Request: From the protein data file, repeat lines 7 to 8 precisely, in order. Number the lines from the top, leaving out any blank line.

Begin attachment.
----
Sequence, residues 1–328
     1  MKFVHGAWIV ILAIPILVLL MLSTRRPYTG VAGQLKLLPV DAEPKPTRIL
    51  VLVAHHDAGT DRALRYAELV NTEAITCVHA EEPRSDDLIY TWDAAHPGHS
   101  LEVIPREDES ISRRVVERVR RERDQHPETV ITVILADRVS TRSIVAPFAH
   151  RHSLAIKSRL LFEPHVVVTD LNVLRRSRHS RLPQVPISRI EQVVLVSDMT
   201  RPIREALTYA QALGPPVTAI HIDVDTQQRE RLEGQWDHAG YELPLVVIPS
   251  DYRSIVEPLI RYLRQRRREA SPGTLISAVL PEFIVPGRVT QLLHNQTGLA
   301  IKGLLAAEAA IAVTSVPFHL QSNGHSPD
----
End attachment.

   251  DYRSIVEPLI RYLRQRRREA SPGTLISAVL PEFIVPGRVT QLLHNQTGLA
   301  IKGLLAAEAA IAVTSVPFHL QSNGHSPD